Tag Archives: standardized tests

I recently had the good fortune of being invited to take an official ACT in my own home by computer. As a lifelong student of standardized testing, I’m never going to turn down the opportunity to learn something new while challenging my skills. And now that I’ve taken the test, the educator in me demands that I share my insights on this new twist on an old test. What did I learn by taking the ACT on computer? 1. I still got it! While performing at a high level obviously matters to me, I have nothing but professional pride on the line. Elite performance can be difficult to achieve without a real incentive, and I already have my college degree, thank you. Apparently, though, I can still turn it on when needed 😉 2. Testing on a computer takes longer. I spoke at length with ACT Senior Director of Research…

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Most of the world looks at tests as, at best, necessary evils. Some hold exams of every stripe even lower in their esteem, considering tests malicious wastes of time. However, considering how pervasive assessments are in academic and professional circles, we can all benefit from a bit of perspective. Before you condemn a test, consider its context and intrinsic merit. This is not to say that all tests have value. If we’ve learned nothing from the opt-out movement inspired by Common Core exams that seemed to test students but grade schools and teachers, it’s that some exams truly are pointless. But most as instruments of education and assessment serve their purpose admirably, whether you respect them or not. Anyone aiming to ace their big tests might want to stop sneering and start understanding why the tests matter in the first place. For example, most colleges and graduate institutions require some…

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When someone mentions “tests,” the emotion that flowers in our heads, hearts, or the pits of our stomachs rarely resembles love. Anxiety typically tops the list, but feelings range along an emotional spectrum that encompasses irritation, fear, and flat-out hate. Many become irrational at the very mention of tests; at least one infamous crank has made a cottage industry out of whining about standardized tests. So why do I love tests? I love the challenge of a well-designed test, both the methodical ingenuity behind each question and the inexorable gauntlet of the test as a whole. I love the opportunity to compete against a potential pool of millions of test takers, past, present, and future. And, because I’ve always been good at most tests, I love to win… nailing a particularly tough test feels like a profound victory. However, my personal reasons for appreciating oft-maligned assessments do not, in themselves,…

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Every challenge tests more than expected at first glance. The path to fame as a performer, for example, demands talent, but also hustle, charisma, and connections. Success in sports also stems not just from physical conditioning and mastery of a dedicated skill set but also a slew of professional and psychological qualities that separate champions from the rest. Standardized exams are no exception to this rule. Of course you need to master the content and strategies that lead to maximum points on every section of a given test. Of course you also need to learn the structure of the exam inside-out so you can perfect your time management plan and test day routine. Of course you even need to give serious thought to what kind of snacks, clothes, watch, calculator, and even pencils you might bring to a given exam. But do you really need to pay attention to little…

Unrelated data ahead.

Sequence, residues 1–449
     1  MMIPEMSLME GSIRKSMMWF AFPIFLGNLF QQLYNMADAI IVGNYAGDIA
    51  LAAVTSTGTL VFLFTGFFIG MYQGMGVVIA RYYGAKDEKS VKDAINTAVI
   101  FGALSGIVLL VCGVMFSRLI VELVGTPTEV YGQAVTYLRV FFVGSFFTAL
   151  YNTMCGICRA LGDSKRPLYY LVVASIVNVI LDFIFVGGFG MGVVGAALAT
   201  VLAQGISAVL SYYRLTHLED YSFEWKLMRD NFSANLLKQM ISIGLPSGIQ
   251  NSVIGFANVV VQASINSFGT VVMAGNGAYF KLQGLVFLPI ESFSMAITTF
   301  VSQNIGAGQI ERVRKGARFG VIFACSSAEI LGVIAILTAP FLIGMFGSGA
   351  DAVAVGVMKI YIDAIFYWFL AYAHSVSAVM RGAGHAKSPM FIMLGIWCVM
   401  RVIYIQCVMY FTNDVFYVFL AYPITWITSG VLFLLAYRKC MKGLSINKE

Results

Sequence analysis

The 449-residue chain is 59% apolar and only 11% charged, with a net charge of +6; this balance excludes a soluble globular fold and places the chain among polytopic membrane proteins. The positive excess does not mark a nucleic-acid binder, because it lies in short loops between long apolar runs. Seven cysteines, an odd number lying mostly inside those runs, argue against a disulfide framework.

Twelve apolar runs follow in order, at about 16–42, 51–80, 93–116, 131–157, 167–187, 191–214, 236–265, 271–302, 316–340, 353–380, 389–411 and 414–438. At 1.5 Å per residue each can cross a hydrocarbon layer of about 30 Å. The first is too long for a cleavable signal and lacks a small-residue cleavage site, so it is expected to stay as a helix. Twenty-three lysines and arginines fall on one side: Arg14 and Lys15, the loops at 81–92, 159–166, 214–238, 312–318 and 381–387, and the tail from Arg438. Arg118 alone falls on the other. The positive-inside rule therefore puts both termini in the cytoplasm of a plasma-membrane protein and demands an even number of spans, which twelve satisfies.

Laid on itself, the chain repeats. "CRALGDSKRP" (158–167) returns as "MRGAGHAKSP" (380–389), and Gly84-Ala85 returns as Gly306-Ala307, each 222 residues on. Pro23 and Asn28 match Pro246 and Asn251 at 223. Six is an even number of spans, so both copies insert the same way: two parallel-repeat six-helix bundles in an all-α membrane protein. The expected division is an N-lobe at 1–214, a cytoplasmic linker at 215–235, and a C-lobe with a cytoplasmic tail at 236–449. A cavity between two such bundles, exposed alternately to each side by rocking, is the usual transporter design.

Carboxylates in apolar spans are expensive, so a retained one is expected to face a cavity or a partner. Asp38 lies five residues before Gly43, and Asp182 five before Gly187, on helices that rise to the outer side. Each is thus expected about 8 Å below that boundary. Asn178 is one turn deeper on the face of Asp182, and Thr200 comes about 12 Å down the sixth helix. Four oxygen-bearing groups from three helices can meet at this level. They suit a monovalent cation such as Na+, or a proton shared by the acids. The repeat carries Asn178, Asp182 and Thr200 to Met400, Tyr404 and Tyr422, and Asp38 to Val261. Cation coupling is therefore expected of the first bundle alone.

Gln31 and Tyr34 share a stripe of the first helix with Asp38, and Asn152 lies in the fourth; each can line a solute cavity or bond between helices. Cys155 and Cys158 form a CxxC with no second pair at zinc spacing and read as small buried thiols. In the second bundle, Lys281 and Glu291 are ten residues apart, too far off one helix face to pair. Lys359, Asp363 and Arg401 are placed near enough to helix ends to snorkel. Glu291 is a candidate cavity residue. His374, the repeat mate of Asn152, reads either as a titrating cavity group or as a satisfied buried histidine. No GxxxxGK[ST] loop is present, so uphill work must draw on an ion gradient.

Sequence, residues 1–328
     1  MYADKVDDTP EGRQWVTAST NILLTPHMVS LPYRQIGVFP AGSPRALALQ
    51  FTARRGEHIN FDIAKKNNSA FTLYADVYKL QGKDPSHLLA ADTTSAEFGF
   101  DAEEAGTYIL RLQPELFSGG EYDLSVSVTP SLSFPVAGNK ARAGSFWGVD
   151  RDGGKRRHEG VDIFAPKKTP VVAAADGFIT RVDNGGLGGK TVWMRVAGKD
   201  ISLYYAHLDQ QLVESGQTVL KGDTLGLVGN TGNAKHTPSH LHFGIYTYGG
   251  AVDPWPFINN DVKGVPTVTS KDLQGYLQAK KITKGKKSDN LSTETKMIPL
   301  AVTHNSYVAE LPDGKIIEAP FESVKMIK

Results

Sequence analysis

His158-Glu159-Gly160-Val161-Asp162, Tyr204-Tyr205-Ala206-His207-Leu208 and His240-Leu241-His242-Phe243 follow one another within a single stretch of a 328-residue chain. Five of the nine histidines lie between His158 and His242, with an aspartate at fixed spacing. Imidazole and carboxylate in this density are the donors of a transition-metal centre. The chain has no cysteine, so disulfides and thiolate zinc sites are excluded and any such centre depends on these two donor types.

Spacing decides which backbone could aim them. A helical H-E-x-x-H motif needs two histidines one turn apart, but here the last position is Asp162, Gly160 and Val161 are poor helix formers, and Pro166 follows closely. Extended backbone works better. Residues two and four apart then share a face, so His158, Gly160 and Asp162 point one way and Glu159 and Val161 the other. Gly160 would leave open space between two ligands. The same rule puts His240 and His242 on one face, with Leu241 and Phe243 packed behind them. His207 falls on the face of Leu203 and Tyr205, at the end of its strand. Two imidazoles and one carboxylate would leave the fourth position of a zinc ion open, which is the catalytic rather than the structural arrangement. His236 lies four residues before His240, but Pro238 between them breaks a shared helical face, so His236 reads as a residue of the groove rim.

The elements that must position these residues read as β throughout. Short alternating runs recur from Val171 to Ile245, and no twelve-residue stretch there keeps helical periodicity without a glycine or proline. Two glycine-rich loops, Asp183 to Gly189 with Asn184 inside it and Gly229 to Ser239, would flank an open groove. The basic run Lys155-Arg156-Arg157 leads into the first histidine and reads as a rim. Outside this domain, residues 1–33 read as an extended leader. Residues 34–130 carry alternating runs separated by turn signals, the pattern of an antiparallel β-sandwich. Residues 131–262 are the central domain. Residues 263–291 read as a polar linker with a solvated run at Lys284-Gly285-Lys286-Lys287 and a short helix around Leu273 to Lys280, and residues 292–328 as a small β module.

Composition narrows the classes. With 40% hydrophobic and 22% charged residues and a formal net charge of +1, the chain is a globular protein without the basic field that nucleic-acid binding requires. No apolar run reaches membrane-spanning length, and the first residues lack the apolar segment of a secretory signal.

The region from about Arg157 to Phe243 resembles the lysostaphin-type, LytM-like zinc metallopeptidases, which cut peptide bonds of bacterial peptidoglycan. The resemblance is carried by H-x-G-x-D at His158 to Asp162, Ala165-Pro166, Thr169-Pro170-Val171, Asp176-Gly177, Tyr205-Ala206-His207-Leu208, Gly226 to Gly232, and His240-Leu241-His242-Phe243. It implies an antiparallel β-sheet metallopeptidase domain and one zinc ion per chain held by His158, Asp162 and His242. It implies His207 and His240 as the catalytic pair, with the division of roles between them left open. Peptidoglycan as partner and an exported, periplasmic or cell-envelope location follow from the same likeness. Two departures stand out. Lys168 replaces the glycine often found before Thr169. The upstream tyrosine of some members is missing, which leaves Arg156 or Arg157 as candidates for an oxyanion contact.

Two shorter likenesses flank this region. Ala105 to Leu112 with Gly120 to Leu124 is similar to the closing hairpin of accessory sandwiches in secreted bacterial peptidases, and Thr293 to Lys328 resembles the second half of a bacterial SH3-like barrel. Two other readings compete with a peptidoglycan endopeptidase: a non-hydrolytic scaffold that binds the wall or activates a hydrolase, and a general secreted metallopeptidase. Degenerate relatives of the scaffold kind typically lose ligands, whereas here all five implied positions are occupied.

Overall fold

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Tests are scary, right? People shouldn’t be judged on a single day’s performance, especially when high-stakes testing is so stressful. And what can a multiple-choice test say about a person anyway? Wouldn’t the college admissions process be more fair if schools stopped using the SAT or ACT? Just to be clear, those are not my sentiments. Instead, I’m trying to channel the arguments of the champions of test-optional admissions, which is often lumped in with those who simply hate every form and application of standardized testing. Both factions found reason to celebrate back in 2015 with the very public announcement that Hampshire College would not to accept SAT or ACT scores from applicants. This was a significant step beyond test-optional into a realm where standardized test scores have no value whatsoever in admissions. Instead, according to the president of the college, a more holistic admissions process reigns at Hampshire: In…

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For as long as standardized exams like the SAT and ACT have been part of the college admissions process–a long time, indeed–they’ve been mistaken for conventional intelligence tests. This misconception makes sense. After all, the SAT and ACT are standardized tests, and intelligence appears to play a major role in success on these exams. That does not mean, however, that they are the same.  Traditional intelligence testing dates back to the turn of the 20th century, debuting in France and then making a splash in the United States. The various intelligence tests evaluate markers of general intelligence, often referred to as intelligence quotient or simply IQ. Of course, defining intelligence itself poses pernicious challenges, especially to those who ascribe to the Theory of Multiple Intelligences. However, general intelligence, also known as g, encompasses both crystallized and fluid intelligence, basically knowledge and problem solving ability respectively. Below these broad categories lie specific…

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